MEPS 545:35-47 (2016)  -  DOI:

Light and O2 microenvironments in two contrasting diatom-dominated coastal sediments

Paulo Cartaxana1,*, Lourenço Ribeiro2,3, Johannes W. Goessling1, Sónia Cruz1,4, Michael Kühl1,5 

1Marine Biological Section, Department of Biology, University of Copenhagen, Strandpromenaden 5, 3000 Helsingør, Denmark
2Université de Nantes, Mer Molécules Santé EA2160, Faculté des Sciences et des Techniques, 44322 Nantes Cedex 3, France
3Centro de Ciências do Mar e Ambiente (MARE), Faculdade de Ciências da Universidade de Lisboa, Campo Grande, 1749-016 Lisboa, Portugal
4Departamento de Biologia & CESAM - Centro de Estudos do Ambiente e do Mar, Universidade de Aveiro, Campus de Santiago, 3810-193 Aveiro, Portugal
5Plant Functional Biology and Climate Change Cluster, University of Technology Sydney, Sydney, NSW 2007, Australia
*Corresponding author:

ABSTRACT: The close coupling of photosynthesis and light was studied in 2 contrasting diatom-dominated coastal sediments (sand and mud flats) using O2 microelectrodes and fiber-optic microprobes for scalar irradiance. The diatom community of the muddy sediment was composed almost exclusively of motile epipelic species, whereas in the sandy sediment similar contributions of epipsammic and epipelic diatoms were observed. The attenuation coefficient of scalar irradiance (K0) was significantly higher in the mud, where light was attenuated exponentially with depth from the sediment surface. In the sand, scalar irradiance levels increased in the first 0.1–0.2 mm due to high scattering and low absorption. Attenuation of scalar irradiance was highest for wavelengths of absorption by major diatom photopigments (chlorophylls and carotenoids). Higher areal and volumetric rates of O2 respiration were found in illuminated sediments than those in the dark, resulting from an increase in both O2 concentration and penetration depth and a direct stimulation of heterotrophic processes. A lower light acclimation index (Ek) was observed for the muddy sediment community, indicating lower light acclimation compared to the sandy sediment community. Areal and volumetric rates of photosynthesis were ~3 times higher in the muddy sediment. We conclude that higher photosynthetic rates in the finer sediment were determined by (1) a thinner and more densely populated photic zone, where the contribution of active photopigments to total light absorption relative to that of photosynthetically inactive components was higher, and (2) differences in diatom species composition and dominant life-strategies, specifically the capacity of cells to actively search for optimal light microenvironments in the fine-grained sediment.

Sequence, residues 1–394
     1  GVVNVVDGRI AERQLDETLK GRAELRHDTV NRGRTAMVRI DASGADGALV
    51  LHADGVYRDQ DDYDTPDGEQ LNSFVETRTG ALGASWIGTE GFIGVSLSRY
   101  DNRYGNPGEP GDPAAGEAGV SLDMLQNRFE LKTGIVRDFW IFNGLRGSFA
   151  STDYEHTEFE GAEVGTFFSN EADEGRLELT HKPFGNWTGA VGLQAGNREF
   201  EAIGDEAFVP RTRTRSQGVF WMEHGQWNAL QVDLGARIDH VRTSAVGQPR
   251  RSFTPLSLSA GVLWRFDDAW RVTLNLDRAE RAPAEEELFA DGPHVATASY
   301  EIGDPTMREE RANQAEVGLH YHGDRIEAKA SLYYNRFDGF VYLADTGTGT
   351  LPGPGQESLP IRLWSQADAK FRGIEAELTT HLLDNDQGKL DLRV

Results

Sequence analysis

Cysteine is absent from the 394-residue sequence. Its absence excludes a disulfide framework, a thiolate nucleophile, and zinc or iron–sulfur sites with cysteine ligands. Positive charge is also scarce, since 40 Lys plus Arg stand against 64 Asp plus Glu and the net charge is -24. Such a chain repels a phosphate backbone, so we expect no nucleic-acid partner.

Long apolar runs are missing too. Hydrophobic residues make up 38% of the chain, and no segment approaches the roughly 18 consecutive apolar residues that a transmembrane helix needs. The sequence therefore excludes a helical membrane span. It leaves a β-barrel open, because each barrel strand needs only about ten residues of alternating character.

KEY WORDS: Microsensors · Diatoms · Migration · Photosynthesis · Respiration · Scalar irradiance

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Cite this article as: Cartaxana P, Ribeiro L, Goessling JW, Cruz S, Kühl M (2016) Light and O2 microenvironments in two contrasting diatom-dominated coastal sediments. Mar Ecol Prog Ser 545:35-47.

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